Research Articles


Composting Biodegradable Plastics: A Technical Review

Grey to Green Sustainable Solutions

Published May 2019


Biodegradable plastics have the potential to reduce the environmental impact of plastic pollution, while certified compostable plastics have the long-term potential to divert substantial amounts of waste packaging materials from landfills. Despite the growing role of compostable products, many regulators and users cite concerns about unpredictable or incomplete breakdown of
biodegradable plastic. Composting is the accelerated degradation of heterogenous organic matter by a mixed microbial population in a moist aerobic environment under controlled conditions. Currently many commercial composting facilities only address
garden and food waste and are not adapted to processing biodegradable plastic. Although collection of biodegradable plastic into municipal organic waste streams is increasing in some regions, evidence to show they are contributing to overall compost quality is scarce and sometimes contradictory.
Biodegradable plastic breakdown occurs through a synergy of abiotic and biological processes. The ultimate result is a reduction in the molecular weight of polymers followed by biological conversion of the polymer breakdown products into carbon dioxide and water. Microorganisms use various mechanisms to degrade complex polymeric material including direct use of plastic fragments as a nutritional source or via the indirect action of microbial enzymes. The presence and abundance of microbial species is highest in
compost, followed by soil, fresh water, marine water and finally landfills.
The goal of this technical review is to provide insight into biodegradable plastic degradation, compost processes and the role biodegradable plastics can play in reducing plastic pollution and generating valuable compost.

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How Do We Use and Recover More Compostable Packaging: Canadian Perspectives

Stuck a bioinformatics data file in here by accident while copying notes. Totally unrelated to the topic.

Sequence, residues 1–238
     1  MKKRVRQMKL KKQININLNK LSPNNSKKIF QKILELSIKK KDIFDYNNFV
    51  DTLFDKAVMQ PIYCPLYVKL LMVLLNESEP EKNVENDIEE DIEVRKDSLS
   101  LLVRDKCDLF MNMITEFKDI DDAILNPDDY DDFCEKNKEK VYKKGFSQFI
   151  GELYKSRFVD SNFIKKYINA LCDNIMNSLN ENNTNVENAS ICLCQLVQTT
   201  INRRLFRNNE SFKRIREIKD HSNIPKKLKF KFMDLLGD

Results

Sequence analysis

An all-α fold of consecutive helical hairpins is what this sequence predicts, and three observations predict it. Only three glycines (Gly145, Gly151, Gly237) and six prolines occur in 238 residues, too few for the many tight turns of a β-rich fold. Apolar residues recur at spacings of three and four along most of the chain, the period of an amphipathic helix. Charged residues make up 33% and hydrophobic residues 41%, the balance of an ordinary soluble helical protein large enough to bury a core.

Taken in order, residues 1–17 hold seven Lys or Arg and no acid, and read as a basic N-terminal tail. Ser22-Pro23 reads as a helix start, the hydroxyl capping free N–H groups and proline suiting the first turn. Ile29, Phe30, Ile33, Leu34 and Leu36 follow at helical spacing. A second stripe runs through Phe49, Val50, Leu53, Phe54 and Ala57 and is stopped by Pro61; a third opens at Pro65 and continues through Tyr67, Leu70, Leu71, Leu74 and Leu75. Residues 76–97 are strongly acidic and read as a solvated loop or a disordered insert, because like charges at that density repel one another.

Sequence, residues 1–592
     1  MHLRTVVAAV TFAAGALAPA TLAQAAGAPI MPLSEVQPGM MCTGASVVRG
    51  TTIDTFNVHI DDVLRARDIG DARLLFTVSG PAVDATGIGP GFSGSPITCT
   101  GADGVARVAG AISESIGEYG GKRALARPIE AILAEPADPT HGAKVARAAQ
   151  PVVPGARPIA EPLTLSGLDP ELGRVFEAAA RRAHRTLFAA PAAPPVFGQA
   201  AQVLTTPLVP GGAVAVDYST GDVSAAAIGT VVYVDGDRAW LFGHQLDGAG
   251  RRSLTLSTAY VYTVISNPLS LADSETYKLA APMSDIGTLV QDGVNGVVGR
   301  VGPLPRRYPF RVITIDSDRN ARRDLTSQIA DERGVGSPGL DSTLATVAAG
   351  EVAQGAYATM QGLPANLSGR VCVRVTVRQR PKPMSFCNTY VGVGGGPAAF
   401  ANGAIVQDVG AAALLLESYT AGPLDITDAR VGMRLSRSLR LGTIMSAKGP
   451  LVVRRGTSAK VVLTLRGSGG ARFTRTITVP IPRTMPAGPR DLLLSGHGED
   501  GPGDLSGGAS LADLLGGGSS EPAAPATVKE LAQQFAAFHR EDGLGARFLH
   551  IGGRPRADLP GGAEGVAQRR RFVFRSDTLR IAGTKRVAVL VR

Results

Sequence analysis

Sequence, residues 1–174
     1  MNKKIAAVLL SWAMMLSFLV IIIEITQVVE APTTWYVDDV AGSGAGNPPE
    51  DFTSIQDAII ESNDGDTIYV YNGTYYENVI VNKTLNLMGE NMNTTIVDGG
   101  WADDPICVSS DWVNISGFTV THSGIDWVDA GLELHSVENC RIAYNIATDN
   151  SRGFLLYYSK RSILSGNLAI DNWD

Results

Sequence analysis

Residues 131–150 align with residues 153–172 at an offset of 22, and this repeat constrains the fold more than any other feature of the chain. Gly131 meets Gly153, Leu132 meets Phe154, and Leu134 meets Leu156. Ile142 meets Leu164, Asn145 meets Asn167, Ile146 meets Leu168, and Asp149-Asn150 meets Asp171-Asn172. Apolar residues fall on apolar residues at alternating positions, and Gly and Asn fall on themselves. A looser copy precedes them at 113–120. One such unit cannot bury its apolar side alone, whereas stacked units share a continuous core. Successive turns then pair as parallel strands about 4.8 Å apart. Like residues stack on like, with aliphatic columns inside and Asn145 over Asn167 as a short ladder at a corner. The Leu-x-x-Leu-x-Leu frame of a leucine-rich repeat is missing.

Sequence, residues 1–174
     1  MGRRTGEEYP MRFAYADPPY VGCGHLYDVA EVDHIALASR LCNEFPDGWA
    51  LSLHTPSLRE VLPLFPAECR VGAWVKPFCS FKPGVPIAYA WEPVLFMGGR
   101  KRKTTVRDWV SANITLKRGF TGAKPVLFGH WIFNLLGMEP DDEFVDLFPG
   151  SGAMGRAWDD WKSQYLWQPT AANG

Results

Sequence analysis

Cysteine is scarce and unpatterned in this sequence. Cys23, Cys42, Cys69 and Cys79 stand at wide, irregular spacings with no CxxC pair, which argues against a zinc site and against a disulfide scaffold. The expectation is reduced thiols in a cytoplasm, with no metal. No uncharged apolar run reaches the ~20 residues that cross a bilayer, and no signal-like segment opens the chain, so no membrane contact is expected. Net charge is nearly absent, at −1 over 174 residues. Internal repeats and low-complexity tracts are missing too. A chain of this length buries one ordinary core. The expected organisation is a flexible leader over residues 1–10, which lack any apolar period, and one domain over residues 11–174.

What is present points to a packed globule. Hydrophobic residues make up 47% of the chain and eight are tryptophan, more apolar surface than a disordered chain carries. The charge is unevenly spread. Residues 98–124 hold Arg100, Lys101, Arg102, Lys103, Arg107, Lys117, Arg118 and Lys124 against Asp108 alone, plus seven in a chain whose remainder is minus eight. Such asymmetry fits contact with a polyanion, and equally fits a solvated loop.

Product Design and Packaging Working group with the National Zero Waste Council

Published May 2019


Certified compostable packaging has become more commonly used in food packaging and could play a more important role in both diverting waste from landfills and meeting circular economy goals. Compostable packaging is designed to be disposed of in existing publicly accessible organics compost infrastructure and then to be recycled back into fertile compost. As a material, compostable packaging flows through a life cycle that links various stakeholder groups into a sustainable materials management value chain or circular economy.

Through stakeholder consultation, participants were asked to explore key issues and identify strategic solutions to improve the use and recovery of compostable packaging in Canada. Through this process the need for more rigorous enforcement of existing labelling regulations was identified as important. At the same time stakeholders across the value chain expressed a desire to develop easy to understand resources and publicly accessible databases that would facilitate and enhance communications throughout the value chain. In general, stakeholders believe that better communications and public education for end users,
waste stream managers and the compostables industry would encourage more facilities to accept compostables and make composting practises for compostable packaging more uniform. To realize the opportunities associated with closing the loop on
compostable packaging, governments, businesses and non-government organizations will need to take leadership in identifying interconnected solutions required to achieve full circularity for compostable packaging.

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Synthesis and Thermorheological Analysis of Biobased Lignin-graftpoly(lactide) Copolymers and Their Blends

University of British Columbia

Published January 2018


Despite numerous accounts of biobased composite materials through blending and copolymerization of lignin and other polymers, there are no systematic studies connecting the synthetic methodology, molecular structure, and polymer topology with the rheological properties of these materials. In this report lignin-graft-poly(lactide) copolymers are synthesized via three routes (indium and organocatalyzed “graft-from” methods as well as a “graft-to” method) and the resulting reaction products (shown to include linear PLAs, cyclic PLAs, and star-shaped lignin-graft-PLA copolymers) are investigated using chemical and rheological methods. The topology of the products of the graft-from methods is affected by the initial lignin concentration; polymerizations with low lignin loading generate cyclic PLAs, which can be identified by 10-fold lower viscosities compared to linear PLAs of the same molecular weight. Under higher lignin loadings, star-shaped lignin-graft-PLA copolymers are formed which show viscosities 2 orders of magnitude lower than those of comparable linear PLAs. Rheological studies show that cyclic PLAs lack a well-defined rubber plateau, whereas star-shaped lignin-graft-PLAs lack a significant G′ to G′′ cross-over.
The rheological results coupled with thermogravimetric analysis give an indication to the structure of star-shaped lignin-graftPLA copolymers, which are estimated to contain a small lignin core surrounded by PLA segments with molecular weights from 2.0 to 20 kg mol-1.

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